BLAKE MILLS, Issue 03, Editor’s Letter

I occasionally miss the days before cell phones.  Don’t get me wrong, I love the convenience of my phone, and I wouldn’t know what to do without it at this point.  But we have lost something in the art of listening to and experiencing a live music event, and I don’t know if we will ever get it back.

Recently, I went down to Mollusk Surf Shop in Venice, CA to see this episode’s cover subject, Blake Mills, play an impromptu show.  When I arrived, the place was packed, and people were spilling out of the entrance to the shop.  The crowd was on different levels, standing on tables, poking out from loft windows, and sitting on the floor, all facing the center of the room.  Although I couldn’t see the musicians, I could hear and feel the music coming through the room.  Over the next ten minutes, I slowly folded myself into the crowd, moving forward as others shifted around the room.  Before too long I found myself standing next to Jackson Browne.  He was holding a guitar case, and listening intently to the music.  When the song ended, Jackson made his way to the center of the room and sat down next to Blake.  He picked up a Gibson J45 and began to play, and like periscopes, cell phones rose throughout the room.  It seemed like everyone needed a picture of Jackson at that moment.  And I understand that—you want a little keepsake of the moment.  But then it seemed like a lot of people needed to post that picture of that moment right away.  Jackson was no match for Instagram, Twitter, and Facebook.  Heads went down, fingers started tapping and swiping, and conversations started. And then it seemed like once those pictures were being posted, that was a good time for a number of people to check whatever sites they were on for any recent updates.  Might as well do a little multi-tasking, right?  Wow, am I old, or is that just distracting and disrespectful?

Now, the whole time that was going on, Jackson was laying down a great song by Roger D. Ferris.  It started out with the narrator breaking the seal on a bottle of Jim Beam, pouring it into a decanter that looked like Elvis Presley, and then pouring that into a Fred Flintstone jelly jar.  And then “Yabba dabba do, the king is gone, and so are you.”  And this song, as simple as could be on the surface, was such a beautiful little sad funny story, and you kind of had to keep the whole thread of the lyrics in your head to really appreciate it.

Well, something was happening right next to Jackson.  Blake was listening to the song, simultaneously interpreting the lyrics, and answering right back with his guitar.  He had a 70’s strat, and a glass slide on his finger, as if he was going to play some blues, but the song was pure country and western.  So Blake magically created his version of a pedal steel sound, finding harmonies that were at once so original, and yet so evocative of a pedal steel guitar, that the effect was quite stunning.  Now, please understand, he was in no way playing known or worn out pedal steel licks.  He was just channeling, in real time, a wholly original translation of this kind of language.  And just as it dawned on me what was happening, he made a slight shift in style and suddenly it was as if a Theremin was in the room, or a Theremin player with a pedal steel, or a pedal steel player that was trying out a Theremin.  It was magic.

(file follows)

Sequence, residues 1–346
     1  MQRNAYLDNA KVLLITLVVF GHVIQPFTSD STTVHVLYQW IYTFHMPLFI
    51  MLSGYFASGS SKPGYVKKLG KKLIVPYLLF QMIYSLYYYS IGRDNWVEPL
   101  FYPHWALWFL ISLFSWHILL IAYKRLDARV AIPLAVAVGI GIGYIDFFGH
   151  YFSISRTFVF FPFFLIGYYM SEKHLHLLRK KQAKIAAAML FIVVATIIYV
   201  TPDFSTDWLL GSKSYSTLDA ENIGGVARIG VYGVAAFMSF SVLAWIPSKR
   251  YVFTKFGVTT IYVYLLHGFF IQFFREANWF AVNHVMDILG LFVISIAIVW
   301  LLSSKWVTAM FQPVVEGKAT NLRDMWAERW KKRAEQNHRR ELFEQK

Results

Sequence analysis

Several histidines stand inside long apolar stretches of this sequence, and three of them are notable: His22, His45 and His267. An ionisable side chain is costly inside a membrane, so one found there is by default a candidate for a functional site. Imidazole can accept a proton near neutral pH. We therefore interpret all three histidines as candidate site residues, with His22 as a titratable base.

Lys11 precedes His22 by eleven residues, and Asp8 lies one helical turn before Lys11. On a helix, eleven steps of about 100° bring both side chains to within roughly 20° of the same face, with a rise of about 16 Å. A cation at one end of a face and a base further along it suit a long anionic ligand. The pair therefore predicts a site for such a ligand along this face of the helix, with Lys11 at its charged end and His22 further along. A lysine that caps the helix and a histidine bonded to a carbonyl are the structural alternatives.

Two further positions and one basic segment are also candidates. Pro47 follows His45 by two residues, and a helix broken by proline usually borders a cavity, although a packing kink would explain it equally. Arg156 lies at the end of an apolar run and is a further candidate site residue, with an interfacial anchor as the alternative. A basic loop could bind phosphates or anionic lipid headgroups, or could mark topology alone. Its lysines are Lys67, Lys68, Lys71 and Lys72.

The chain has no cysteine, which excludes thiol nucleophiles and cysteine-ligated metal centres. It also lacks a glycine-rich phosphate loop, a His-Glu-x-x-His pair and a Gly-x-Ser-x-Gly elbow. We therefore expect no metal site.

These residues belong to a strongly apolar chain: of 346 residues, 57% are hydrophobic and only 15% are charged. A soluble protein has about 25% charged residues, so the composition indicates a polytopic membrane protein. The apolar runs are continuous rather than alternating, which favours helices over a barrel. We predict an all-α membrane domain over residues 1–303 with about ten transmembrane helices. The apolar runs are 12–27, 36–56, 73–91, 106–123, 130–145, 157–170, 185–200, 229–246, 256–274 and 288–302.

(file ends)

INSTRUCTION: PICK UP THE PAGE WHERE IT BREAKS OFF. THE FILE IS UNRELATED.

I watched the other musicians gathered around Blake. In addition to Jackson, there was a guitar player, a bassist, a percussion player, and a saxophone player.  They traded phrases, licks, and songs throughout the night. Every one of these players was at the top of their game, and each at least two decades older than Blake, but every time he soloed, or sang, or found a groove, these musicians leaned in, as if they wanted to absorb every nuance of this kid who was making brand new sounds come out of his instrument.

Blake plays like he is chasing down ideas, examining them from all sides.   He is fearless, and has no reverence for perfection, preferring to make mistakes in the pursuit of a phrase or melody on the edge of attainability.

We talk about the pursuit of musical mistakes in this issue, but seeing Blake put these ideas into practice in the center of Mollusk Surf Shop was truly inspiring.  All the great ones seem like conduits who channel melodies like pure voodoo into the room, and Blake is no exception.   His voice matched his guitar, finding buried melodies that other artists apparently failed to dig up.

I looked up after a half-hour of concentration on these sensations.  The room had a pulse to it.  There was a guy standing on a bit of a ledge or table in the back, with what I would swear was a faded Fruit Of The Loom baseball hat and vibrant Hawaiian shirt, holding a can of Modelo and swaying to his own smile.  Next to him was a girl with a faded floppy hat and freckles, and damn if I wasn’t in the center of Venice on a Sunday night hearing some of the best music I have experienced in a long long time.

I guess maybe the phones were out because everyone in that room knew that they were in on a very special scene that was coalescing right before their eyes and ears.  Maybe everyone broadcasting those images out through Twitter or Instagram just wanted to say, “I am here, and something special is happening in this room.”  And I get that. But when guys like Blake Mills and Jackson Browne are playing, you gotta pay close attention.  Listening to music is an active art that rewards those who tune in.  And Blake is the kind of guy that may unleash a piece of beautiful, transcendent music into that room that he will never be able to duplicate. You don’t want to miss that.